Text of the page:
Alcohol activates the hypothalamic–pituitary–adrenal (HPA) axis through its actions in both the periphery and the central nervous system (CNS). The studies presented here were designed to test the CNS-specific noradrenergic mechanisms by which alcohol stimulates HPA activity in the male rat.
We used an experimental paradigm in which a small, nontoxic amount (5 μl) of alcohol was slowly microinfused intracerebroventricularly (icv). Alcohol was administered icv to animals with lesions of the locus coeruleus (LC) or in animals pretreated with α- or β-adrenergic receptor antagonists. Hormonal HPA activation was determined by measuring secretion of the pituitary stress hormone adrenocorticotropin (ACTH). Neuronal activation was determined by quantification of the expression of the transcription factor c-fos (Fos).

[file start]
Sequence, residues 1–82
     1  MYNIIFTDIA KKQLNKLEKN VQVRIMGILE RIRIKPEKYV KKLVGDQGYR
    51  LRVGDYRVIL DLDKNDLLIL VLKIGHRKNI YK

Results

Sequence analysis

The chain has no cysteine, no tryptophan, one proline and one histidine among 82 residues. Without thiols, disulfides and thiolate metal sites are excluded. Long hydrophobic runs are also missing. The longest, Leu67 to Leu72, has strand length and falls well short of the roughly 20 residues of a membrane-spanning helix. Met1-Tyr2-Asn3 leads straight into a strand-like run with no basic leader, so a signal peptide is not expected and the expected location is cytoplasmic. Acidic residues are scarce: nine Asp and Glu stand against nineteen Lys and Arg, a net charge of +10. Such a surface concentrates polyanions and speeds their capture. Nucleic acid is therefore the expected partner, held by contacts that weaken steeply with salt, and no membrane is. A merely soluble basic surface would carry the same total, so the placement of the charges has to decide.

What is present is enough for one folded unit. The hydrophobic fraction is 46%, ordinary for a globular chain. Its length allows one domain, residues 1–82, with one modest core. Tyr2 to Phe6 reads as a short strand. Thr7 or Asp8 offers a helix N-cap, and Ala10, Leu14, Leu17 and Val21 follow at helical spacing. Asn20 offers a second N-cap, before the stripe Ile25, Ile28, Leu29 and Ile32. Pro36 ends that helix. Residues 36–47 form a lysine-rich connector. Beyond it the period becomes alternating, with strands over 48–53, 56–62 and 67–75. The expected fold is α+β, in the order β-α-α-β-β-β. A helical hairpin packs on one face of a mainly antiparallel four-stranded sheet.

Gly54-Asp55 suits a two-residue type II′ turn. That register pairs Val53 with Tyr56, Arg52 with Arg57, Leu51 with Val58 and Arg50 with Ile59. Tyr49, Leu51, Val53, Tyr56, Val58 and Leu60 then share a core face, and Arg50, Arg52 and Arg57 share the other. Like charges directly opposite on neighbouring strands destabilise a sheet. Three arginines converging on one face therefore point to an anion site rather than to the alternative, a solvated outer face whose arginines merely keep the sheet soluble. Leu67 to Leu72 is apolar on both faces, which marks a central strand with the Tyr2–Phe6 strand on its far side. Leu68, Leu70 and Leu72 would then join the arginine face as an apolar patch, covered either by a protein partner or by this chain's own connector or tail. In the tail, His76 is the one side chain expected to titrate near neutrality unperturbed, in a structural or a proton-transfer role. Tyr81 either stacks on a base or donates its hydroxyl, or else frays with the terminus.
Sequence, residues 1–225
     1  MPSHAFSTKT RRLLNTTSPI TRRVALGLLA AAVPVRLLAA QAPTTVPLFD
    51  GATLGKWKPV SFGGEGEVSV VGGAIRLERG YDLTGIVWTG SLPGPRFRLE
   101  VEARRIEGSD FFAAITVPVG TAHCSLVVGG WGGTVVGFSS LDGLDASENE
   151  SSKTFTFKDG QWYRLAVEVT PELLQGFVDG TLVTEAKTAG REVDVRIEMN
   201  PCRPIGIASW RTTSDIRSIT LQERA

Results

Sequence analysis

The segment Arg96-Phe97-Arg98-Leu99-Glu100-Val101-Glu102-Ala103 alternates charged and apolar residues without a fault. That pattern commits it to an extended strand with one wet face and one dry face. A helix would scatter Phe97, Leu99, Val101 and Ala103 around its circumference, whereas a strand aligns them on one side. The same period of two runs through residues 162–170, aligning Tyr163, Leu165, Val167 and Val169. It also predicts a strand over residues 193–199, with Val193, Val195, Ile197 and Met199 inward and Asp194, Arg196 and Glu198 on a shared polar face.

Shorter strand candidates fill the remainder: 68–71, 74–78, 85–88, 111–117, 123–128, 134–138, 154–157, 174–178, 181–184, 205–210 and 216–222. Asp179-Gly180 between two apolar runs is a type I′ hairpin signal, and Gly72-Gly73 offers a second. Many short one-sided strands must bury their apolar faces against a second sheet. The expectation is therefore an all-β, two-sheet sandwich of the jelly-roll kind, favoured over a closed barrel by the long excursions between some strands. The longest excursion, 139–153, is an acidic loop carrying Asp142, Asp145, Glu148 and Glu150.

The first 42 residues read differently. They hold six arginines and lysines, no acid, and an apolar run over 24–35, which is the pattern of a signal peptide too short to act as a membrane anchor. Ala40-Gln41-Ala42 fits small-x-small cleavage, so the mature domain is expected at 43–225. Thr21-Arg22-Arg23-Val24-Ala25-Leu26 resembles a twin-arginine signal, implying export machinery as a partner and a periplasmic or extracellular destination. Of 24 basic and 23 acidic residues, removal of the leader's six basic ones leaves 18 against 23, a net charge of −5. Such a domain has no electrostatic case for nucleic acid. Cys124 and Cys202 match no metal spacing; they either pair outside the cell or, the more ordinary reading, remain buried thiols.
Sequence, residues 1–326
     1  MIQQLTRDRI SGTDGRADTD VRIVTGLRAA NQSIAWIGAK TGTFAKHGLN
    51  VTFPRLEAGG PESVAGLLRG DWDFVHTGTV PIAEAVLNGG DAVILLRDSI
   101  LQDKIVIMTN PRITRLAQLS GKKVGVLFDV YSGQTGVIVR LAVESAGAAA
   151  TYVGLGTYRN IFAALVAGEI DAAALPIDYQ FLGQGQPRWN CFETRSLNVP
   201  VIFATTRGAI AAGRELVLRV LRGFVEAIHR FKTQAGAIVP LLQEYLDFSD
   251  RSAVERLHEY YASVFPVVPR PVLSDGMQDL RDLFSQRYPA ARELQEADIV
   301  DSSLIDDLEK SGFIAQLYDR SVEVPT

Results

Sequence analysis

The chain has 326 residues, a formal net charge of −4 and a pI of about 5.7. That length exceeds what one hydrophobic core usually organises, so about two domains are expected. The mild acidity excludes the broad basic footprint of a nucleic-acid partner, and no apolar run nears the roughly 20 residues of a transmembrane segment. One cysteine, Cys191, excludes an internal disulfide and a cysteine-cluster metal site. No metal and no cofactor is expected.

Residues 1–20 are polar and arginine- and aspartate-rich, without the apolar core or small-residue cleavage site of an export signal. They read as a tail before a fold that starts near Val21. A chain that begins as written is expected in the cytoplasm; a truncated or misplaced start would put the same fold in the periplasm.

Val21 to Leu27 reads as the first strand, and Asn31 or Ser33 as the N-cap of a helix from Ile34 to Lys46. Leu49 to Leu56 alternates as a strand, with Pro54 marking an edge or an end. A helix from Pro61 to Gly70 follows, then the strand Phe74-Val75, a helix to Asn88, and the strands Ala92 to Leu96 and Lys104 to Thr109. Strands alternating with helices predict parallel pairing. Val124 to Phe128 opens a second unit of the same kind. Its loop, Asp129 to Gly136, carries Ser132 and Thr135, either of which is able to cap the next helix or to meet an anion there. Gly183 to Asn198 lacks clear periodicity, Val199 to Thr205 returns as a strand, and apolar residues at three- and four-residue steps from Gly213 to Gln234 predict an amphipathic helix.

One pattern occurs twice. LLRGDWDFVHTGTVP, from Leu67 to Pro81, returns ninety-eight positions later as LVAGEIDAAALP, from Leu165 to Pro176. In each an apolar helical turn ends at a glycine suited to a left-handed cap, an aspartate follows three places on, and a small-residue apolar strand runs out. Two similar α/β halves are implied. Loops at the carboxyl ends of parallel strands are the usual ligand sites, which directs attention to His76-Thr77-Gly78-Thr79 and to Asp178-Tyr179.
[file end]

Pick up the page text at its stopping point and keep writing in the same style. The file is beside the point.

As expected, icv alcohol stimulated ACTH secretion from the pituitary and Fos expression in the paraventricular nucleus of the hypothalamus (PVN). Bilateral electrolytic LC lesions blocked the ability of icv alcohol to stimulate ACTH secretion. Pretreatment with icv propranolol increased basal ACTH secretion levels, but icv alcohol did not increase this effect. Propranolol also blunted icv alcohol-induced PVN Fos expression. A low dose of phenoxybenzamine, an α-adrenergic receptor antagonist, did not affect the ability of icv alcohol to stimulate ACTH release. However, a higher dose of the drug was able to block the ACTH response to icv alcohol. Despite this, phenoxybenzamine did not inhibit alcohol-induced Fos expression. Icv pretreatment with corynanthine, a selective α-1 adrenergic receptor antagonist, modestly raised basal ACTH levels and blocked the icv alcohol-induced secretion of this hormone.